Today, in the reproduction of Pan-African figures, African societies have a delay of two or three generations to catch up on. There are also more intimate experiences in Benin, Mali, Congo, that are more local. In Benin, for example, there are Caribbean return projects, including the Jah family who I met, or the Professor Honorat Aguessy Institute in Ouidah. There is therefore outside the major figures, a kind of Pan-African intimacy.

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London, 1900

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Paris, 1919

But how to explain this relative lack of French speaking figures compared to English references?

Since 1919, at the Pan African Congress held in Paris by the French deputy Blaise Diagne of Senegal on demand of the American black activist Du Bois, there has been a rupture between Francophones and Anglophones. Since then, the French have always been absent from the Pan-African Congresses. And during independence, the rupture, the apparent break we've seen in the English-speaking environment, this we do not see in the Francophone movement where we stayed aligned with Paris, the referent of the metropolis. In the English-speaking world, there is a variety of experience: the African situation, the Afro-Caribbean situation, the black American situation, the Jamaican-British situation...

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Manchester, 1945

All this diversity of situation provoked debate, a flow of ideas, and also thinking, theorising and a different relationship to the political culture. Given that the British model is imprinted with a parliamentary monarchical and multicultural tradition while the French Republican model is centralised and assimilationist, readings on the colonial legacy diverge. What allows you to get out of this post-colonial paradigm that blurs comparative analysis, especially from the perspective of the political history of Africa and the Caribbean, is precisely to introduce Pan-Africanism as an analytical criterion of interactions.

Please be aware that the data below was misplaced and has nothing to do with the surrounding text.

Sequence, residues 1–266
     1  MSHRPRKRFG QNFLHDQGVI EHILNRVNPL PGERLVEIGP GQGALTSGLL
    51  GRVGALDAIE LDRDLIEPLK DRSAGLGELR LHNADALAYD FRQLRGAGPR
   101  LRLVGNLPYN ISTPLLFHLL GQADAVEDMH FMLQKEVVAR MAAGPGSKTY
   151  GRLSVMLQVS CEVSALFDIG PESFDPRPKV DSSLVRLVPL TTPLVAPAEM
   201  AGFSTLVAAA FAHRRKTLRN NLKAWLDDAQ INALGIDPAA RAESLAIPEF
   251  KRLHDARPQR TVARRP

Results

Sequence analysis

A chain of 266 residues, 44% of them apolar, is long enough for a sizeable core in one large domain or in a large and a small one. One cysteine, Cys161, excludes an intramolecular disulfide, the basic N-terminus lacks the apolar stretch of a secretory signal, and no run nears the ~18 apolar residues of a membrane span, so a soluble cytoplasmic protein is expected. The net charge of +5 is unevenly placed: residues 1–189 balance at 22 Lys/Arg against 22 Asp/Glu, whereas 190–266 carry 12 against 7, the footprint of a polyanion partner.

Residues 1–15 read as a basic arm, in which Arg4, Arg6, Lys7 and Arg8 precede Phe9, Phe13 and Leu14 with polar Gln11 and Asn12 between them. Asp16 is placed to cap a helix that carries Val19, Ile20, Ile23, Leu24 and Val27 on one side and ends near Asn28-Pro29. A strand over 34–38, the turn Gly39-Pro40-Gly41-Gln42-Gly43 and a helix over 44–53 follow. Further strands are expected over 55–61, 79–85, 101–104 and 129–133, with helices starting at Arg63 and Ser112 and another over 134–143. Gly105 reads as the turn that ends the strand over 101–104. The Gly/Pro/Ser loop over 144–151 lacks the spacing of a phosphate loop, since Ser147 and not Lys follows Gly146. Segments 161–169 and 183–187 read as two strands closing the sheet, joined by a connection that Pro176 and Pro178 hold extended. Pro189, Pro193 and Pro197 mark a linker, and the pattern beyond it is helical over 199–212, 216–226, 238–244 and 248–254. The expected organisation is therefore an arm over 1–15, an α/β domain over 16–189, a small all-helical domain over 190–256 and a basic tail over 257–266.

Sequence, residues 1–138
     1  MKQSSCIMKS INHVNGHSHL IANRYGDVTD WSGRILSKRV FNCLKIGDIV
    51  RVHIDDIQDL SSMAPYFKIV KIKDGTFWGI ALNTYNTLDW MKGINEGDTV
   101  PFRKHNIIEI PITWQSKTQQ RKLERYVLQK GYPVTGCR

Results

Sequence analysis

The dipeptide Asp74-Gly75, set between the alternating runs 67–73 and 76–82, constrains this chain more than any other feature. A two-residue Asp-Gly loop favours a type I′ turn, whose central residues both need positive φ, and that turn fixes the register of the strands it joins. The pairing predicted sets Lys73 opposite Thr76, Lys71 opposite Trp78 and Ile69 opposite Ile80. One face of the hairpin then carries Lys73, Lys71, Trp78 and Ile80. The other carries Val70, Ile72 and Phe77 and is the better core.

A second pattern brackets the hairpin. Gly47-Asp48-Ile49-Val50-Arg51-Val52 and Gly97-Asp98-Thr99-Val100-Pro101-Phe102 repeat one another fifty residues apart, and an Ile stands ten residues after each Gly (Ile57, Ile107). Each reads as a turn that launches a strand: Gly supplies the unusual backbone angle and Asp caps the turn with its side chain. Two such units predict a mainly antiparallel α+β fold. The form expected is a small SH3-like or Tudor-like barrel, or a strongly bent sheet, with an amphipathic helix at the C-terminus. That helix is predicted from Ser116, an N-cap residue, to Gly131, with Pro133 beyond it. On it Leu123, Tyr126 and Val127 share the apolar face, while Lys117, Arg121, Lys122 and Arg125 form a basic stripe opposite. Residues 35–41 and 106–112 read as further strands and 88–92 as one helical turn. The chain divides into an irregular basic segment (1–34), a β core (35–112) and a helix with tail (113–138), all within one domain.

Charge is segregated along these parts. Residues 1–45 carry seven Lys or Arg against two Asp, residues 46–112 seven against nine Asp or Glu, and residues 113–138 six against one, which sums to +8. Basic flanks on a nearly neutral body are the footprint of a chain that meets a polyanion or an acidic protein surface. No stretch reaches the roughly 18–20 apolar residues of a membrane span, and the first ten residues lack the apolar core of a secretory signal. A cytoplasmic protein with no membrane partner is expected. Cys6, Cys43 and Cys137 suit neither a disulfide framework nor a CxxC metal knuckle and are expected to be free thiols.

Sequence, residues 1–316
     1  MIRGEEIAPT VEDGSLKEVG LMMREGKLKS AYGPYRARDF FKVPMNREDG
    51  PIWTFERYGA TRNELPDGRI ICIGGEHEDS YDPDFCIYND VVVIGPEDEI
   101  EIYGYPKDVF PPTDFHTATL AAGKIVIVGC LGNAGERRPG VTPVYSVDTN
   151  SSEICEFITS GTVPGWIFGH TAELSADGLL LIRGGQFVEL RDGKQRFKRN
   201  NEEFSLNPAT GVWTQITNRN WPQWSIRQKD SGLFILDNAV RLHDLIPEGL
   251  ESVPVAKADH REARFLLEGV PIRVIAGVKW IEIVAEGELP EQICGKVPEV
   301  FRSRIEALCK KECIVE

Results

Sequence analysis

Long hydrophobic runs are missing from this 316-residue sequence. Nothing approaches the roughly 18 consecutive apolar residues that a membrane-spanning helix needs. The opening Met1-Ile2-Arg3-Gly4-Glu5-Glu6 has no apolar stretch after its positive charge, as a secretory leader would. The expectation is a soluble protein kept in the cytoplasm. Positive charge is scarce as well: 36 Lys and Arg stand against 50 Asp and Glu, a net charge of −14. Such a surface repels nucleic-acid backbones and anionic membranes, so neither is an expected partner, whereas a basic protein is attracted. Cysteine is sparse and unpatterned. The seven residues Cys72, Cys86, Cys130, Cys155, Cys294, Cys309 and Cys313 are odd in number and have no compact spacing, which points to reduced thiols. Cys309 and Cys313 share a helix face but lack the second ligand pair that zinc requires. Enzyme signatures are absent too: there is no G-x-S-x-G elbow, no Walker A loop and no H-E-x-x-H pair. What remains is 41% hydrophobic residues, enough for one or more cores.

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Sorbonne Congress, Paris, 1956

Obviously, there were some sparks from Présence Africaine [publisher, Paris/Dakar, Ed], the Sorbonne conventions, meteoric figures such as Frantz Fanon, censored figures like Aimé Césaire, who are not historians as such but all the same references, also for the Anglo-Saxon world. So there is this reluctance, this subversive who failed in African and Afro-French situations, also a repression that eliminated a number of figures, movements like FEANF [Federation of Students from Black Africa in France, founded in Bordeaux 1950 and illegalised by French govt. in 1980, Ed] up to the late 50s that could support this dynamic. Note also the predatory logic at the level of thought, that means that a lot of French-speaking African intellectuals are forced into exile or to cede their ideological viewpoint in order to survive.

Is there a Portuguese-speaking Pan-Africanism?

There is very little documentation of Pan-Africanism in the Portuguese-speaking world. Now there are the youth in this space who are migrants, potentially very aware of the challenges due to the fact that their parents were often trained in the liberation movements. The former Portuguese colonies has the peculiarity of being more geographically fragmented than other colonised territories, and suddenly, after the civil wars in Angola and Mozambique in particular, it further entered into national historical writings, rather than regional or pan-Africanist. Thus, there is a deficit in this level. A deficit that cannot be met by the simple fact that Brazil, home to the largest African diaspora, has committed to fund volumes of the General History of Africa in Portuguese. Finally, there is an embryonic Pan-Africanist movement in Lisbon that appears quite isolated but dynamic. The Portuguese-speaking world is indeed a very interesting challenge.

What are the issues in Europe, for Pan-Africanism?